- Little Holland -
It you woke up one day and found yourself in Spalding you could be forgiven for believing that you had been whisked over the sea to Holland. Here are long and elegant terraces of Georgian town houses lining the banks of the river Welland, wide, flat countryside surrounding the town, and tulips in abundance-at least, for part of the year.
So ubiquitous was the tulip when Spalding’s bulb industry was in its prime that the flower became the symbol of both South Holland District Council (with its base in Spalding) and BBC Radio Lincolnshire. Even Spalding’s football team chose ‘the Tulips’ as its nickname.
But visitors making the long journey through the fens to see the tulip field in glorious, blazing colour could now be disappointed: from a peak in 1939, when over 100,000 acres of field around Spalding were given over to tulip cultivation, fewer than 200 acres now remain. Tulips do not take kindly to modern mechanised methods of farming, and much of the tulip growing in Lincolnshire today goes on out of sight of the motorist.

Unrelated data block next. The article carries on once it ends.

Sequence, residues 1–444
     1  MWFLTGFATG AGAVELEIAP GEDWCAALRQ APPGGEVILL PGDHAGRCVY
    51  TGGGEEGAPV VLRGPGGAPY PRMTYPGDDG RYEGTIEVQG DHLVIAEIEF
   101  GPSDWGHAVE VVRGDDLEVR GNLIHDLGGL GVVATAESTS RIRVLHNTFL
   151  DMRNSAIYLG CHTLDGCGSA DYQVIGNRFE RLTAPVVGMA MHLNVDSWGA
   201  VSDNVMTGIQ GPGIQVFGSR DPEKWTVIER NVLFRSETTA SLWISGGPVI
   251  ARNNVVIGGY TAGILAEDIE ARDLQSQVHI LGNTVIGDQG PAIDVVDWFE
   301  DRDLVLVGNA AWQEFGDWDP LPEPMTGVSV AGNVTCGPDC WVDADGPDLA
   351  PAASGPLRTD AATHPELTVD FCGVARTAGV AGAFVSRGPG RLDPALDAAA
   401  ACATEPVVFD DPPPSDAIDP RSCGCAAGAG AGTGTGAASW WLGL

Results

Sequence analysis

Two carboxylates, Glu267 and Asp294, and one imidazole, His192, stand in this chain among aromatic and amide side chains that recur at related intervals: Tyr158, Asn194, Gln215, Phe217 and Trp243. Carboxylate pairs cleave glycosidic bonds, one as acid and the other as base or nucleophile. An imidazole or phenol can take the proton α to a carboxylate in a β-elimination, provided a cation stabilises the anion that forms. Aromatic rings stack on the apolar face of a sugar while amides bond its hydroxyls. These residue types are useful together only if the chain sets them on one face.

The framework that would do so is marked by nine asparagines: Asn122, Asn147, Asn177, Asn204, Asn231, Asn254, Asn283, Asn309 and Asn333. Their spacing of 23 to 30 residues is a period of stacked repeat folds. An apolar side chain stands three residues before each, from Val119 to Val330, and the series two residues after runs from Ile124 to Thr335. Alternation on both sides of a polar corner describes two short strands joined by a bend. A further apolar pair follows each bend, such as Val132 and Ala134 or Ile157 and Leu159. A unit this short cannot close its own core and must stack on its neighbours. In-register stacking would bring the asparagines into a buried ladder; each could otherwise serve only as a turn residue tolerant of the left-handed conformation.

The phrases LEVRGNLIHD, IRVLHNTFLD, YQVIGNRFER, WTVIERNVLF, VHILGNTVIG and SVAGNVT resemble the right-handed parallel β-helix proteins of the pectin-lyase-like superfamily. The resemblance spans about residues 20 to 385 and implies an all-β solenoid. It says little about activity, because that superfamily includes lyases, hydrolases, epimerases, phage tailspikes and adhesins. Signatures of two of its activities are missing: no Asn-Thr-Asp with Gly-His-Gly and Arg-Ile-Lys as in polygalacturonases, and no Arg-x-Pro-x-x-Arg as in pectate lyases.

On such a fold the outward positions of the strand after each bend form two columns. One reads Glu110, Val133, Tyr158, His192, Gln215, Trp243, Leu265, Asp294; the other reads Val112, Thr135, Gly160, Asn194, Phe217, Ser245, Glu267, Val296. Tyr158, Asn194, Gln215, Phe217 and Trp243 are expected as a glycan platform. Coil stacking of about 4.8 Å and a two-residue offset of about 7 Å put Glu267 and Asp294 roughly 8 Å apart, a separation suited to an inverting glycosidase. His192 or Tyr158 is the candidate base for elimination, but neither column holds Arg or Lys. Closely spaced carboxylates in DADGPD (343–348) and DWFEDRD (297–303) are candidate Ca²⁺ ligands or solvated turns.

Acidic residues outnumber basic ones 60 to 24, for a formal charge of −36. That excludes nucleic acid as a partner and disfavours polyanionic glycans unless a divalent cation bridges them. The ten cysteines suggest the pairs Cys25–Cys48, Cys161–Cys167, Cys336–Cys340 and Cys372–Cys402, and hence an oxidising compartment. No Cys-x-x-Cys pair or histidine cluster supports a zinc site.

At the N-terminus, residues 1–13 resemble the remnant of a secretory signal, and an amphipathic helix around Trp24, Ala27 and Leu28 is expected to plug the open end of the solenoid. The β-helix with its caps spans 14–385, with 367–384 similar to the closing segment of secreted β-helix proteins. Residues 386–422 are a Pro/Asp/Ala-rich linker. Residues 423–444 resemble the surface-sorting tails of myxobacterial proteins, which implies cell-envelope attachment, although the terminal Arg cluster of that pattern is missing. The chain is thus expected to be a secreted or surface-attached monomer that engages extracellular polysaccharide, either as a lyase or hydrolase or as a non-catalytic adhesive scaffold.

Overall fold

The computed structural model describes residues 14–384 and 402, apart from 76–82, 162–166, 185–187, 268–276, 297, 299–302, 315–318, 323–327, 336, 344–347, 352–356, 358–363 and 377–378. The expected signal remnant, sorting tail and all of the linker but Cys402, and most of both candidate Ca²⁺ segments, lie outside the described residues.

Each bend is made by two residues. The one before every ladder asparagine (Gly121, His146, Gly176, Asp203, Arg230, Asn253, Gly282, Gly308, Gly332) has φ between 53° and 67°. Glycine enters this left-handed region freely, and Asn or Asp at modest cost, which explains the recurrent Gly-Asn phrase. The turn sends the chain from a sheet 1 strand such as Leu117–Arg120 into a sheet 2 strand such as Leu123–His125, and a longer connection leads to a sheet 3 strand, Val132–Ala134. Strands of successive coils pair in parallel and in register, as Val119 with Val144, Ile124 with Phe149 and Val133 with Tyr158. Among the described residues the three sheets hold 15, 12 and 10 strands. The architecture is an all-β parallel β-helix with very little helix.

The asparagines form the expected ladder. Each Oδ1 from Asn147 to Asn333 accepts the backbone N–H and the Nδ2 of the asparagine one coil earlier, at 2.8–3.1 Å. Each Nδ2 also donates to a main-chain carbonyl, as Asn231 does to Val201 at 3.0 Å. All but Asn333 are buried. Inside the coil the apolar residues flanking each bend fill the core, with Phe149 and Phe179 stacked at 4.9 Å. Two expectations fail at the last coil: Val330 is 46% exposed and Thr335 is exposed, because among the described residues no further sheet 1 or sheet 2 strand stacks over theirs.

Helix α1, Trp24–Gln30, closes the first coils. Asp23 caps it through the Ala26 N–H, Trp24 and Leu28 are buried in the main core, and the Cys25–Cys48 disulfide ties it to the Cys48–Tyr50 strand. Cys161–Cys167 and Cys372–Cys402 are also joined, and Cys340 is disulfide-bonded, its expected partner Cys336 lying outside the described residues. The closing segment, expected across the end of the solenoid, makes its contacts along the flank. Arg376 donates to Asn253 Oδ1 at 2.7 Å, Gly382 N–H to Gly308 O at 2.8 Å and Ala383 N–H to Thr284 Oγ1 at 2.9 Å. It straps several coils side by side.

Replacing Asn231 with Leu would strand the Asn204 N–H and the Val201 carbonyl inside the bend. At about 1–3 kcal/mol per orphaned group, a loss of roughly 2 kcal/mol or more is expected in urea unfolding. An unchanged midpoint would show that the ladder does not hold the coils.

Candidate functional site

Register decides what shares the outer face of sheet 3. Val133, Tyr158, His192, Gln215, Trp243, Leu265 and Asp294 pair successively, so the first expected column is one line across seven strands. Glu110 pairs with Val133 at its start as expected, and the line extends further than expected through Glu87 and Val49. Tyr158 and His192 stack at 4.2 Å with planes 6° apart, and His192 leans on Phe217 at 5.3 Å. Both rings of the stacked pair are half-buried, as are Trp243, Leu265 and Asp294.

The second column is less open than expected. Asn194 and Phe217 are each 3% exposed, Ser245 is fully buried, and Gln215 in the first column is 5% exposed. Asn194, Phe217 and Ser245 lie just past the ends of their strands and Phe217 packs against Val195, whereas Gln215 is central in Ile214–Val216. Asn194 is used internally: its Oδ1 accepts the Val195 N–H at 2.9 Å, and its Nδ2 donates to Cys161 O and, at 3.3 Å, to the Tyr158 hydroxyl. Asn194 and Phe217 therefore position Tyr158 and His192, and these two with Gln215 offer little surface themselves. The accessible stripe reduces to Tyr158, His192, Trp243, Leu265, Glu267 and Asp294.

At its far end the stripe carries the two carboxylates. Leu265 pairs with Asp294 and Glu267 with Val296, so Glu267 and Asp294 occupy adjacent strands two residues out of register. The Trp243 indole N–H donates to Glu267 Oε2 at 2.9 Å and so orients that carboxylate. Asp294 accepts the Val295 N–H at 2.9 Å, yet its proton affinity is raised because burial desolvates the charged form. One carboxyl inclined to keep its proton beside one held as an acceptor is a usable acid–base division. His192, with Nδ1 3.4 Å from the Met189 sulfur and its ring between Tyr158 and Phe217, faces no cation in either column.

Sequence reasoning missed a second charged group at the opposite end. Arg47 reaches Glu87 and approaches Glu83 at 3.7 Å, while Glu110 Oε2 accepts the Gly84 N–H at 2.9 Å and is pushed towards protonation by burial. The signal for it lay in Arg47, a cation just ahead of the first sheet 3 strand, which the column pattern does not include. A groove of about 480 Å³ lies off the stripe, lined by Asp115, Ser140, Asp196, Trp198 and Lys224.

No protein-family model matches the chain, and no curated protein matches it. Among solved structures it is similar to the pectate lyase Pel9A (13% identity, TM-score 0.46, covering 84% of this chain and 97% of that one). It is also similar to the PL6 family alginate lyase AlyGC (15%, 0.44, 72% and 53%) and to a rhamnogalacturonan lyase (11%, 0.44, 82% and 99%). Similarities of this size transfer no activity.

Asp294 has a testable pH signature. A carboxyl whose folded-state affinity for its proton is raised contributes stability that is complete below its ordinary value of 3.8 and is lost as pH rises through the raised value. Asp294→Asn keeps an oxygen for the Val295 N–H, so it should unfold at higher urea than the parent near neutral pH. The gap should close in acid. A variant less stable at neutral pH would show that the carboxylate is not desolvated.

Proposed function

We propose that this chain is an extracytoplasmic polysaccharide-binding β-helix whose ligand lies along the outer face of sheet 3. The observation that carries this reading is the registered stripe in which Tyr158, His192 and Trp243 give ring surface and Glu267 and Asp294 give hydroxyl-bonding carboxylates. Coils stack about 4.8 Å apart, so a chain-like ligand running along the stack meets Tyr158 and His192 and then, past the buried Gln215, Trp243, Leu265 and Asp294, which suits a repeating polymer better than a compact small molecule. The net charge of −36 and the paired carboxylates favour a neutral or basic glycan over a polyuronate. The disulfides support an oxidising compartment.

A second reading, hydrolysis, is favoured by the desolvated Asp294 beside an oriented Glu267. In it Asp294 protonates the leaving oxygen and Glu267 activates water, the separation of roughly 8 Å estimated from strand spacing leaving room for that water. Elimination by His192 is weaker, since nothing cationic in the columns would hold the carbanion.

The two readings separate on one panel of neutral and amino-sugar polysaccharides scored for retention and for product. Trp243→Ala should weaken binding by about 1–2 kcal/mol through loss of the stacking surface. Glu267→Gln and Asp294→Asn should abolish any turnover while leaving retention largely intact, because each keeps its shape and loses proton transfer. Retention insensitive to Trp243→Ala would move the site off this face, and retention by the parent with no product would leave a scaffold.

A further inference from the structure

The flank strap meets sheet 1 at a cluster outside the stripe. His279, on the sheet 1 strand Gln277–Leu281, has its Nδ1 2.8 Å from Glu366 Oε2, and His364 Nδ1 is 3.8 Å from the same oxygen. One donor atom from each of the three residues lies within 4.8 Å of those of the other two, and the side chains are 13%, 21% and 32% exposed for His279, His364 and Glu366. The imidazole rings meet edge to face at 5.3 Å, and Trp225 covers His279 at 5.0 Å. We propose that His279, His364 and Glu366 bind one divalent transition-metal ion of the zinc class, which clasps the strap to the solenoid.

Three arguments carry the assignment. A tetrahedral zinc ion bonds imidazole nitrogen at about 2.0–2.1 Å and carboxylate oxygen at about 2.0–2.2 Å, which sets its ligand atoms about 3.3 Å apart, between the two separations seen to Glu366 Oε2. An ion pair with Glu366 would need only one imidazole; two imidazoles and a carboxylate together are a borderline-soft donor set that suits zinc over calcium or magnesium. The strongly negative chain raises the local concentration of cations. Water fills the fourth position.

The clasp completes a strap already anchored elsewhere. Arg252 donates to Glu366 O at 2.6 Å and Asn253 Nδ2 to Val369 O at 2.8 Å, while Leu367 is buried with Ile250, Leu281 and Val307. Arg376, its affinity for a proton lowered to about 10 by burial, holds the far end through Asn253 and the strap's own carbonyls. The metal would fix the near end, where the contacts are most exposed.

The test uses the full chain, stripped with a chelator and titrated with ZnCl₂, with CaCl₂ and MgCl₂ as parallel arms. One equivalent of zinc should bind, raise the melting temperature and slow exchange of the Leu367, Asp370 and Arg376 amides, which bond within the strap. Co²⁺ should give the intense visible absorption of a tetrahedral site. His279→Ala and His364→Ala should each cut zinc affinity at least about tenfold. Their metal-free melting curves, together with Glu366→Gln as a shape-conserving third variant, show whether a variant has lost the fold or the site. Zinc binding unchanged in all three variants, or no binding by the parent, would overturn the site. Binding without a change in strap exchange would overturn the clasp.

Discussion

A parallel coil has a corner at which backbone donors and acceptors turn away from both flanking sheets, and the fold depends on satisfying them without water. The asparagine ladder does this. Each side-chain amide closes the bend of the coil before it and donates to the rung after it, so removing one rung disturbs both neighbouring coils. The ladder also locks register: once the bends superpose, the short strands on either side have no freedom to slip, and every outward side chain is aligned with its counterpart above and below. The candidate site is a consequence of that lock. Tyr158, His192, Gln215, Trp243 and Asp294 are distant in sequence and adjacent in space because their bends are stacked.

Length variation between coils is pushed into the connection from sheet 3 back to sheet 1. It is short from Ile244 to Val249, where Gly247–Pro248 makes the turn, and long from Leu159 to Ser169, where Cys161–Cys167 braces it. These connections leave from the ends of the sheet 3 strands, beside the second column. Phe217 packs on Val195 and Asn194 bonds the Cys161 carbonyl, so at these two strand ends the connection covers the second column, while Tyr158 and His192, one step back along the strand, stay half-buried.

The town’s annual tulip festival survives, however, showing off enough colourful flower heads to satisfy even the most ardent enthusiast. Bulb growing has been part of life in Spalding for over a century, but the May Festival and its famous flower parade, with its floats bedecked with tulip heads, was first held as recently as 1959.
If the sight of millions of tulips still leaves you hungry for more, then there’s only one thing for it: a trip to the tulip museum in nearby Pinchbeck, set up in order to record the passing of the industry which once gave employment to thousands of local men, women and children.